ALBERT ROUSSEL: Symphonic Fragments from Le festin de l’araignee (The Spider’s Feast), op. 17

Albert Charles Paul Marie Roussel was born at Tourcoing, Nord département, France, on April 5, 1869, and died at Royan on August 23, 1937. The ballet Le festin de l’Araignée (The Spider’s Feast) was produced at the Théâtre des Arts, Paris, on April 3, 1913, with a scenario by Gilbert de Voisins; Gabriel Grovlez conducted. The orchestra consists of two flutes (one doubling piccolo), two oboes (one doubling English horn), two clarinets, two bassoons, two horns, two trumpets, timpani, bass drum, cymbals, snare drum, triangle, celesta, harp, and strings.

Albert Roussel’s parents refused to consider his becoming a professional musician. Roussel began naval training at the age of eighteen, and for several years the only opportunity he had to express himself musically was by playing the piano at officers’ dances. But before long he began to study harmony from a book and to attempt some small compositions of his own. At twenty-five he resigned from the navy, moved to Paris, and began his formal studies. He achieved his first success when he submitted two unaccompanied madrigals, under different pseudonyms, to a competition organized by the Society of Composers in 1897, and the judges picked them both for a joint first prize.

The following year, Roussel cast his lot with the newly founded Schola Cantorum, an institution established by Vincent d’Indy, Charles Bordes, and Alexandre Guilmant in opposition to the hide-bound traditions of the Conservatoire. Its rigorous program took him ten years to complete, but already in 1902 he was named professor of counterpoint; his classes included such diverse students as the free-spirited Erik Satie, the Czech Bohuslav Martinů, and the revolutionary Edgard Varèse.

At the beginning his music reflected the outlook of the Schola, dominated by d’Indy, who was an unreconstructed Wagnerian. But Roussel quickly became interested in the music of the Impressionists, and much of his best early work—including his First Symphony, entitled Poème de la forêt, and the delightful ballet Le festin de l’araignée (The Spider’s Feast)—reflects that outlook.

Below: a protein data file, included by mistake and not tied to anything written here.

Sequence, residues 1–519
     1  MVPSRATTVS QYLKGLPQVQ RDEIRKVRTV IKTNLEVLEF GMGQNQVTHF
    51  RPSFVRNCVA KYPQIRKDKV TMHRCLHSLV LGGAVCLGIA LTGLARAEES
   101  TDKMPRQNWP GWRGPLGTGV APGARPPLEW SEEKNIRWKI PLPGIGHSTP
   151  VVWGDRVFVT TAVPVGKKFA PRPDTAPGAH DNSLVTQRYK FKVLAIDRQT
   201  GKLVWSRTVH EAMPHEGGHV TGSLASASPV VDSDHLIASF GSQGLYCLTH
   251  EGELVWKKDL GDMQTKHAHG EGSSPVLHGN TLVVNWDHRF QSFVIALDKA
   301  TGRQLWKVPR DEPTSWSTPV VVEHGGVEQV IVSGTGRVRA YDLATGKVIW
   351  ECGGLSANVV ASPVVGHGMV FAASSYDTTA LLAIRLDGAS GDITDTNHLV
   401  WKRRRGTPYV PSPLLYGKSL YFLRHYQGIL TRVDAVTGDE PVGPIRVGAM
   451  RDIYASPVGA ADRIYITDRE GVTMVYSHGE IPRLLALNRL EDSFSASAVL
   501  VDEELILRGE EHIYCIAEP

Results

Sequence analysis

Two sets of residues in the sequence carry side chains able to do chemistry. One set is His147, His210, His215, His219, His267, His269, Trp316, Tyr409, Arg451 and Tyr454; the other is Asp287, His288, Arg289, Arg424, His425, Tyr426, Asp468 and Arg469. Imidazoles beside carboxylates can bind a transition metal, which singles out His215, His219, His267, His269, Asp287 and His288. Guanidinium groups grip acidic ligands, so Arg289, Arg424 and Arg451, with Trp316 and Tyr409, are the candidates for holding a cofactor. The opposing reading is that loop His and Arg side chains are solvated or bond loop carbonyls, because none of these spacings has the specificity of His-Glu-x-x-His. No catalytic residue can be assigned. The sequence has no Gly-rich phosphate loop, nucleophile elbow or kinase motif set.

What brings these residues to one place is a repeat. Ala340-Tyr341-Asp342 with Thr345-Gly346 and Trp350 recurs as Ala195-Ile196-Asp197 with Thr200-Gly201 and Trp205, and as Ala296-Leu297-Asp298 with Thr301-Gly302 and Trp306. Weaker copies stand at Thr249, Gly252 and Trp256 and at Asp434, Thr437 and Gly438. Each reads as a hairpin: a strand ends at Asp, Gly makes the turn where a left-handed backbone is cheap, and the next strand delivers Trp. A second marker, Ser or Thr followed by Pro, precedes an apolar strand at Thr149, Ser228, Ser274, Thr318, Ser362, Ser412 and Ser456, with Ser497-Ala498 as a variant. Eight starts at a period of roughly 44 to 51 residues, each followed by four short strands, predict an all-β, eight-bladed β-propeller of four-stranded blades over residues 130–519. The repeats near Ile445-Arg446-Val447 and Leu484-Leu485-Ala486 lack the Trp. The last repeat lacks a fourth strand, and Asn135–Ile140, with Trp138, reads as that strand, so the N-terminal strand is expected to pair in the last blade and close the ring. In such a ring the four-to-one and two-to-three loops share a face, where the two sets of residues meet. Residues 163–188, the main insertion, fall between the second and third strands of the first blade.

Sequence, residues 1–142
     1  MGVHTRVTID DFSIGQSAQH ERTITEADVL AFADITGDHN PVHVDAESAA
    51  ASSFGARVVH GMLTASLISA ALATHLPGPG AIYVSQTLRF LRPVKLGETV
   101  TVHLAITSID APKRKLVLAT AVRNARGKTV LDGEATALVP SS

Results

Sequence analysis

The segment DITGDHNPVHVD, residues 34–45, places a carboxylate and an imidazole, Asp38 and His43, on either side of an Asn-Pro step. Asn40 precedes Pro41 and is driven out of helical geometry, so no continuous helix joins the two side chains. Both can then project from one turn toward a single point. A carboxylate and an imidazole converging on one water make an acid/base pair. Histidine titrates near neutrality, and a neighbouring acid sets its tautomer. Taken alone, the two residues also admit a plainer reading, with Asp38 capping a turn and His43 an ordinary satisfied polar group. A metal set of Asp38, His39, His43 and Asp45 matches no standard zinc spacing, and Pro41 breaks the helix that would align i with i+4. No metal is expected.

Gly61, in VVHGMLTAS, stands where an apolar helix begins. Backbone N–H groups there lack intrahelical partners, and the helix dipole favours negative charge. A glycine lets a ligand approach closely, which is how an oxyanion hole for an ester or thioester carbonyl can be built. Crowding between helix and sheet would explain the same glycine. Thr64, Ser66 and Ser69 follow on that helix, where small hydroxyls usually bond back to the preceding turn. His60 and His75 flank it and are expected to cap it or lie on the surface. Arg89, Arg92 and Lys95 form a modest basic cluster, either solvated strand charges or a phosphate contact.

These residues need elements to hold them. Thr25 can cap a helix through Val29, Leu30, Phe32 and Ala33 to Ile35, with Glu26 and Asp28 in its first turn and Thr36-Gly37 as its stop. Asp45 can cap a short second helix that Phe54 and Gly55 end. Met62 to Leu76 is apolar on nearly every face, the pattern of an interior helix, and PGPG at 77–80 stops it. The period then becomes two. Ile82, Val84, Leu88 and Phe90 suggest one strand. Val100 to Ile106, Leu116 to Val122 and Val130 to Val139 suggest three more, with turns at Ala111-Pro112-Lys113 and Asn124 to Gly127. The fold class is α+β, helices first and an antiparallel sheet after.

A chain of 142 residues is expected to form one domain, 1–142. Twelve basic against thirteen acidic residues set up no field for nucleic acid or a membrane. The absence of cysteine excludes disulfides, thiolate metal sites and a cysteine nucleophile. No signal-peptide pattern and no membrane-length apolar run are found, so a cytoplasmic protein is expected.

At first Roussel was not enthusiastic about writing a ballet a spider, a butterfly, some maggots, a day-fly, and a troupe of ants. It seems that his wife persuaded him to give it a try, and in doing so, she helped him prove to himself that he had a natural gift for the ballet, especially in his rhythmic invention. The “symphonic fragments” provide just over half the score. Roussel omits the most “violent” parts of the score—the spider’s dance and the battle of the mantises. What remains is most characteristic of the young composer, still essentially Impressionistic in his style.

The scene is a garden (magical, in some way, as we might judge from the marvelous flute solo and the ensuing delicate waltz) in which a spider waits for his prey. Some ants enter at a lively pace, then try dragging a rose petal, which is a heavy object in comparison to their weight, and they struggle mightily with it. Two beetles cross the garden. A butterfly flits past, and at the climax of its waltz gets caught up in the spider’s web; a violin solo of a few brief notes is marked “plaintively.” As the spider is about to begin a dance of triumph, an apple falls to the ground, sending the spider back to his web. Two maggots crawl up to the apple and burrow into it, where they gorge themselves. Two praying mantises, having missed the maggots, begin to fight one another—and get caught in the web. A day-fly hatches from its egg (in a particularly picturesque passage of string tremolos and lonely woodwind solos) and dances its brief life away (another waltz, lively but with an undercurrent of impending mortality and increasing desperation); suddenly it collapsed in death. The spider is about to begin banqueting on all the corpses, but the beetles free one of the mantises, which kills the spider. All the remaining animals perform a mini-funeral service for the day-fly, with solemn music. As night falls, the hushed music of the opening returns. —© Steven Ledbetter